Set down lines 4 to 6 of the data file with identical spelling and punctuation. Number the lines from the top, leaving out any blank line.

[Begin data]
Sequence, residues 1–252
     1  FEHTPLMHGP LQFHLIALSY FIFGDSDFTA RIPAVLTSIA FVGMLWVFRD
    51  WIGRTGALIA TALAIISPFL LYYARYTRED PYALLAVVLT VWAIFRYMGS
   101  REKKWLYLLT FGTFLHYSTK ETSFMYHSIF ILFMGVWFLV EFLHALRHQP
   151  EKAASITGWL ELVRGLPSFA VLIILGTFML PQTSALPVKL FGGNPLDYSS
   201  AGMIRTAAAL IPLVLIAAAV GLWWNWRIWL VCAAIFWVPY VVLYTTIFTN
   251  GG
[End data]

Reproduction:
   101  REKKWLYLLT FGTFLHYSTK ETSFMYHSIF ILFMGVWFLV EFLHALRHQP
   151  EKAASITGWL ELVRGLPSFA VLIILGTFML PQTSALPVKL FGGNPLDYSS
   201  AGMIRTAAAL IPLVLIAAAV GLWWNWRIWL VCAAIFWVPY VVLYTTIFTN